September 30, 2007
I've read 'em all now. Letter after letter from the industry side, basically arguing that to eliminate the market maker exemption would bring the world as we know it to its knees, threatening the all powerful Wall Street buzz word - liquidity.
Imagine, they argue, that you had to pay to hedge options in SHO stocks - why, that would reflect the cost of hedging a hard or impossible to borrow stock, and would dampen the liquidity that comes from what is essentially a free pass to counterfeit at will Can't have that, can we. Imagine if liquidity dried up in put option speculation for SHO stocks - why, I'm not sure you or I would be the same ever again. I mean, all that liquidity must be helping us in some way we are missing, so removing it would somehow change our lives for the worse, right?
What's amusing is that liquidity in these stocks' derivatives markets are really only important to stock manipulators, and to those deriving their income by lots of trades in stocks that really don't have shares with which to trade (meaning no real sellers, thus sale of non-existent shares must replace the legitimate market system).
You wanna know what you don't see? You don't see one letter discussing that the SEC is precluded, via Section 36 of the 1934 Securities Exchange Act, from issuing exemptions, unless the exemptions are in the public interest, AND are necessary for the protection of investors. You won't see any comment letters from the industry trying to tackle why being allowed to naked short sell already badly brutalized companies protects investors, or why investors require being saddled with the expense and risk that is really that of the options speculator - nobody wants to try to claim that is necessary for investor protection.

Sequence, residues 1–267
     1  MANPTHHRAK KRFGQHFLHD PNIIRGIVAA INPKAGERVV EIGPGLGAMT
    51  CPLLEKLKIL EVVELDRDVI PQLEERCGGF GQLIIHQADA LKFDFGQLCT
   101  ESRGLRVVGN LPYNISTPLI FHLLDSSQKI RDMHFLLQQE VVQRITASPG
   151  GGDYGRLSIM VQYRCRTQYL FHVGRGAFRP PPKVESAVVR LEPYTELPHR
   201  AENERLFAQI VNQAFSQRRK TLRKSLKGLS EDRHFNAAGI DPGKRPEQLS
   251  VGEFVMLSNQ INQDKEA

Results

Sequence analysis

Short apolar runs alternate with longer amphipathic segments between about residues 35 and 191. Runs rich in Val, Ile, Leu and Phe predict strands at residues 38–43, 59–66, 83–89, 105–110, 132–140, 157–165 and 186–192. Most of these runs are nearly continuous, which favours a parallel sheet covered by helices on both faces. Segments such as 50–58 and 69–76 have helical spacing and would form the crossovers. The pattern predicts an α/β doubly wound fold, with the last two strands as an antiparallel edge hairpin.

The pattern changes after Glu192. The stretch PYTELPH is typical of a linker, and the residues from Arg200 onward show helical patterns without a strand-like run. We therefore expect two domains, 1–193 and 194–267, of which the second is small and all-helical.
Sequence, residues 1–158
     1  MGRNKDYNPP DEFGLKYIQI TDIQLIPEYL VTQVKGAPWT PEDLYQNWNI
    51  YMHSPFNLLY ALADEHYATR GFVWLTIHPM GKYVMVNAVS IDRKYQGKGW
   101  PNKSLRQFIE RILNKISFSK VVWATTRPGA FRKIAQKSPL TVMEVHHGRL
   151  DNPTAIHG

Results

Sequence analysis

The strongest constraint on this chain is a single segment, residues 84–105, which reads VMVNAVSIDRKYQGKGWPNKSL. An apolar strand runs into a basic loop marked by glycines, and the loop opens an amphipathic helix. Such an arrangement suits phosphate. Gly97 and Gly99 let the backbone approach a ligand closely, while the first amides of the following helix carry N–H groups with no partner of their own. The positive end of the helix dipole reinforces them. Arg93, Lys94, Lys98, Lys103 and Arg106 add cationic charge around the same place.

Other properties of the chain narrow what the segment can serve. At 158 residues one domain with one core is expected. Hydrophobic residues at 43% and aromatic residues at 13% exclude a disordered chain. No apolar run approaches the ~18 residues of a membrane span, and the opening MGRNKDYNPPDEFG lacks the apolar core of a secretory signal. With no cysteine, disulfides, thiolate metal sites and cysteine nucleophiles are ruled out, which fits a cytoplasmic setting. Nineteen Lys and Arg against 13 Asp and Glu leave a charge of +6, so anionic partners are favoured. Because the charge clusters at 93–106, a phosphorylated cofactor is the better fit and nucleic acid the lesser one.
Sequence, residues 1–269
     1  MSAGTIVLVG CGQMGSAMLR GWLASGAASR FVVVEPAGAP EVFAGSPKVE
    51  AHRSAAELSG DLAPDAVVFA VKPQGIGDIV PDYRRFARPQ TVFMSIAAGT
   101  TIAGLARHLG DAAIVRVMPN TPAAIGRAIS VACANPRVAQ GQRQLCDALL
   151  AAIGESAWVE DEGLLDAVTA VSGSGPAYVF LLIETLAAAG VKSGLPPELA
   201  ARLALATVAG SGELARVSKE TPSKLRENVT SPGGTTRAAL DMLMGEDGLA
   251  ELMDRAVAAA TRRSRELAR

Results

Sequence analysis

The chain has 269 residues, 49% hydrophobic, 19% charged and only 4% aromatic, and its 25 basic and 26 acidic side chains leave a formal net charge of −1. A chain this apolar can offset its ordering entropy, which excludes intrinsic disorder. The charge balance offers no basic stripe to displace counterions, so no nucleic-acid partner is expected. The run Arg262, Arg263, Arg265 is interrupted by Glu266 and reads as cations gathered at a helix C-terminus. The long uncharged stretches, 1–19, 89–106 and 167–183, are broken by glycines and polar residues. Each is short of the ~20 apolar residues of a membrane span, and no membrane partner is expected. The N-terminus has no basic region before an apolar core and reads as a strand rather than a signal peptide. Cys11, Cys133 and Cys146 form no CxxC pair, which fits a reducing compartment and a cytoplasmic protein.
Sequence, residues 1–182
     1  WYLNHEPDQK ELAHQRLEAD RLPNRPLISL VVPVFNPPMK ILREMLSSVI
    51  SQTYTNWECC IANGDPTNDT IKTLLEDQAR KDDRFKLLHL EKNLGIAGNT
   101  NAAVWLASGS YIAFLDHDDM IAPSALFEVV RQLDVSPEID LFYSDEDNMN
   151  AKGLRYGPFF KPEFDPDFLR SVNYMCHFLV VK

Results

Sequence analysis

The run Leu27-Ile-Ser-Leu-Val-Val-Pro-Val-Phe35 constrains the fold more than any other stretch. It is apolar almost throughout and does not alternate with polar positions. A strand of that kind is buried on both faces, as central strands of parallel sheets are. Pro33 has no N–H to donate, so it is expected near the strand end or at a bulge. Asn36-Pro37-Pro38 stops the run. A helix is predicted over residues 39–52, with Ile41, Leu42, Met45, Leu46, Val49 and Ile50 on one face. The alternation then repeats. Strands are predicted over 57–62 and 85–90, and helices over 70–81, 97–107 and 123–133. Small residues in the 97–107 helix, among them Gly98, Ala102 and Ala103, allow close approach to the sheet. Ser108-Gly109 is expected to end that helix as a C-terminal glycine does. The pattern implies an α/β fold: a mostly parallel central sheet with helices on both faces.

Nope. Nobody wants to talk about that on the industry side, preferring to discuss how their trading will be dampened by the elimination of an exemption that should never have been enacted in the first place.
And I don't blame them. Because there is no comeback to that. There is no facile or glib discussion wherein investors require that exemption for their protection. Wall Street won't mount that argument. Because then they have to admit that investors don't require the exemption to be protected, thus the SEC should never have allowed it at all. Instead, they prefer to mewl about red herrings, and statistics, and how they might suffer should their windfall loophole subsidy end.
We are treated to letter after letter whining about how profits will be hurt by eliminating the windfall exemption, however not a peep about why the SEC shouldn't be adhering to Section 36's simple litmus test: Is this exemption necessary for investor protection and is it in the public interest?
Because the obvious, and only answer, is, "Of course not."
written by Bob Obrien. My point exactly